Passing a long tractor-trailer on a narrow two-lane road can be a scary thing, and dangerous, but Samsung has presented a new idea that essentially makes these big trucks transparent. Installed on the aptly named Safety Trucks in Argentina, this innovative idea uses a forward-mounted camera to feed a live signal to four large monitors mounted on the back of the trailer, giving motorists a clear view of what is happening in front of the semi.
Although the initial testing phase of the Safety Truck prototype has ended, Samsung is still working to develop the technology by performing more tests and coordinating with government entities. According to Samsung, Argentina was specifically chosen as a test location for the technology due to its high rates of accidents on two-lane roads – most of which occurring while one vehicle is passing another.
This is a cheaper and more real-world alternative to vehicle-to-vehicle technologies that have been discussed in recent years, but more importantly, all of the technology is simple and available today. The key advantage of V2V is that it could become a passive safety feature to warn drivers they don’t have enough space to pass or even an active safety device to prevent a crash altogether (or limit the severity). Samsung’s system still requires drivers to pass safely, but it gives them more information about when is the safest time to attempt to overtake a semi. It could also be helpful to warn drivers behind a semi of upcoming road hazards or traffic congestion.
As I watched the video and read about all the safety intentions Samsung has for this Safety Truck, one thought that kept popping into my head was that this technology could open a Pandora’s Box, allowing annoying digital billboards to make their way onto the backs and sides of these trailers.
But other than that, it’s a great idea.
Like an exotic bird that can only be spotted in a number of places in the world, the Pagani Zonda supercar isn’t the type of car that you can just spot in everyday traffic.
This particular Zonda, a bright orange one at that, was videotaped in – of all places – Argentina. A long commute from its headquarters in Italy, don’t you think?
In any case, the raging Italian machine was videotaped as it was running roughshod over the Autopista Panamericana, a highway so long that it goes all the way up to Alaska. In any event, we’re still trying to figure out how this Zonda found its way to Argentina. Maybe some rich Argentinean decided to splurge on one? Who knows?
What we do know is that wherever part of the world the Pagani Zonda is in, it’s going to attract its fair share of attention from anybody who lays eyes on it. You don’t see Honda Civics being videotaped in this manner, do you?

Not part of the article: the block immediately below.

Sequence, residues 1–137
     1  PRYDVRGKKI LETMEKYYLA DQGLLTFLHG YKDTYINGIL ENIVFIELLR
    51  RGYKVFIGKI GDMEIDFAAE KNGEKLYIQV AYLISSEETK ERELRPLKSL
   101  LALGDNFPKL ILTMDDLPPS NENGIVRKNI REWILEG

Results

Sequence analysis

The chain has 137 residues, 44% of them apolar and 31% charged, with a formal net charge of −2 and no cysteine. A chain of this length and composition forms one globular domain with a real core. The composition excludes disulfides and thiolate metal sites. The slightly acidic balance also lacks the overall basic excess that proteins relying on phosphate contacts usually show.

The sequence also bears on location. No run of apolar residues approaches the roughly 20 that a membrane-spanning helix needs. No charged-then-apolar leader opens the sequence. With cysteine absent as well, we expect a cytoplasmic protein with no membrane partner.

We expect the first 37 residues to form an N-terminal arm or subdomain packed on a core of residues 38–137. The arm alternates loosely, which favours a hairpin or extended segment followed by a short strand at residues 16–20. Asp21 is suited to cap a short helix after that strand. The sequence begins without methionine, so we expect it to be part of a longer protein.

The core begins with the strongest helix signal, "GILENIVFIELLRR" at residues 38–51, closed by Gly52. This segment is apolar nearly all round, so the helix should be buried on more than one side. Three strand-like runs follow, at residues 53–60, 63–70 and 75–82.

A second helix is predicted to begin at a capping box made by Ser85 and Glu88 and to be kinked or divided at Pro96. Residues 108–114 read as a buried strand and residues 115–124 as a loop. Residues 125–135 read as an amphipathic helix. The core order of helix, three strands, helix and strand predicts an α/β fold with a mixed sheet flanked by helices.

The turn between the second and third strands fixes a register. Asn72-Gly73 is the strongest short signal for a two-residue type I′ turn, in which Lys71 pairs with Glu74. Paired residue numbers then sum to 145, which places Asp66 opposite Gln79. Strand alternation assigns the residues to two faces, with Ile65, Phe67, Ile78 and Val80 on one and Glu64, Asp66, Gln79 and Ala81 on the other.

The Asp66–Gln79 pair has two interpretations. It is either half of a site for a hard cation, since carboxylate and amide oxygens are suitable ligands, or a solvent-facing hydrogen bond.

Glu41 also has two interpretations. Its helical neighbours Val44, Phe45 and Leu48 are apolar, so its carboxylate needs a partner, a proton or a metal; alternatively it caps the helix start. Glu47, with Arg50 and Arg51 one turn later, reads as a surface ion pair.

Video #2 after the jump.
Everyone is getting in on the sports car action! The most recent out-of-the-blue sports car to come out of a random country was the GTA Spano that came out of Spain. Now, Donto Motor Company has announced the debut of the P1 - a sports car that will take on models like the b>KTM X-BOW and the Ariel Atom.
The P1 is a lightweight two-seater with a removable roof that will not only be race-ready, but will also be able to cruise out on the street. Made to be imported to Europe, the P1 weighs less than 700 kilos and was built using a split body with a floating exosjeleton like an invertebrae, according to Donto designer Lucas López. The P1 will utilize an engine borrowed from a German model such as the Volkswagen sourced 1.8T that produces 180 HP.
The chassis for the P1 was designed by renowned chassis builder, Hector "Tito" Perez, and is already approved by the FIA. Perez has about 400 vehicles under his belt spanning from Formula Renault, road rally cars, and touring cars.
Donto P1 will be priced at around $55,000 and will be built in limited numbers. The P1’s main target will be Europe, but Donto wants to make it available in all markets.
I just had the pleasure to meet Gabriel Storchi, a Soft developer that is making an incredible journey, from Buenos Aires, Argentina, to Alaska on a Chevy Opus coupe 78.
The name of the expedition is "Alaska a Caballo" (Alaska to Horse), because the final destination is "Dead Horse". "The name comes from there, is going to Horse, no in horse", Gabriel says.
The idea of making this trip is a dream that Gabriel had for years, "When i was a kid, y always planed to go to Alaska. I’m making this as a tribute for my father, who passed away this year, and another series of complications i had on my life this year. There is only one life, and you have to live it at full". Said Gabriel.
The goal is to get to a town called Dead Horse, on Alaska, United States. If the first stage goes ok, the plan is to send the car to Sweden, and make a trip from there t India.
The car was conditioned specially for this trip, reinforced floor, frontal protector, a roof carrier to take the extra wheels, a bed inside, and a solar panel on the back to charge the batteries for the notebook, an IP phone and the wireless connection.
If u want to see more images of the car, go to the original article in the Spanish site of TopSpeed in here
Following the success of the C4, which has sold 530,000 units sold worldwide since launch at end-2004, Citroën is further extending its range with the launch of the C4 notchback in several Latin American countries. This modern and original saloon features all the characteristics and innovations that have made the C4 a success.